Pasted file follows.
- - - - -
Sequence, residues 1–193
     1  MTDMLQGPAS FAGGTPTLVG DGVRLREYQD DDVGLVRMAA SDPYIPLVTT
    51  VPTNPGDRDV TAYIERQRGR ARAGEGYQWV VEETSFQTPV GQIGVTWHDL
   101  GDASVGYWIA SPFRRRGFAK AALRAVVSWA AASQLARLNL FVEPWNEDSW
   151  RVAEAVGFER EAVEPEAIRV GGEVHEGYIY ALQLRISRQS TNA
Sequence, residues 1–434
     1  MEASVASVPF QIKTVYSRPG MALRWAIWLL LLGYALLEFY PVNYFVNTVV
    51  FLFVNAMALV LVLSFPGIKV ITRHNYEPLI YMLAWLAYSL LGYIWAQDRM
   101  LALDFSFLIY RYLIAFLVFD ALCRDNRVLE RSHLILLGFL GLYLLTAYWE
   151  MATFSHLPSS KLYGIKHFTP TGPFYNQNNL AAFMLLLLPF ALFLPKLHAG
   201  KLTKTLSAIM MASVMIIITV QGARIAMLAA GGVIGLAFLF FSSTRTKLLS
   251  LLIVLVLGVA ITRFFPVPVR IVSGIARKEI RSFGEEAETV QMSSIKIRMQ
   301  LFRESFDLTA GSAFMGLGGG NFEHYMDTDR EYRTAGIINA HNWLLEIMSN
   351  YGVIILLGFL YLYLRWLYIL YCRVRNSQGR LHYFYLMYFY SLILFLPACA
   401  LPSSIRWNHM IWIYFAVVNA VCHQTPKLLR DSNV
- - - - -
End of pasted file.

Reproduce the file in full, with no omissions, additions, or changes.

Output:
Sequence, residues 1–193
     1  MTDMLQGPAS FAGGTPTLVG DGVRLREYQD DDVGLVRMAA SDPYIPLVTT
    51  VPTNPGDRDV TAYIERQRGR ARAGEGYQWV VEETSFQTPV GQIGVTWHDL
   101  GDASVGYWIA SPFRRRGFAK AALRAVVSWA AASQLARLNL FVEPWNEDSW
   151  RVAEAVGFER EAVEPEAIRV GGEVHEGYIY ALQLRISRQS TNA
Sequence, residues 1–434
     1  MEASVASVPF QIKTVYSRPG MALRWAIWLL LLGYALLEFY PVNYFVNTVV
    51  FLFVNAMALV LVLSFPGIKV ITRHNYEPLI YMLAWLAYSL LGYIWAQDRM
   101  LALDFSFLIY RYLIAFLVFD ALCRDNRVLE RSHLILLGFL GLYLLTAYWE
   151  MATFSHLPSS KLYGIKHFTP TGPFYNQNNL AAFMLLLLPF ALFLPKLHAG
   201  KLTKTLSAIM MASVMIIITV QGARIAMLAA GGVIGLAFLF FSSTRTKLLS
   251  LLIVLVLGVA ITRFFPVPVR IVSGIARKEI RSFGEEAETV QMSSIKIRMQ
   301  LFRESFDLTA GSAFMGLGGG NFEHYMDTDR EYRTAGIINA HNWLLEIMSN
   351  YGVIILLGFL YLYLRWLYIL YCRVRNSQGR LHYFYLMYFY SLILFLPACA
   401  LPSSIRWNHM IWIYFAVVNA VCHQTPKLLR DSNV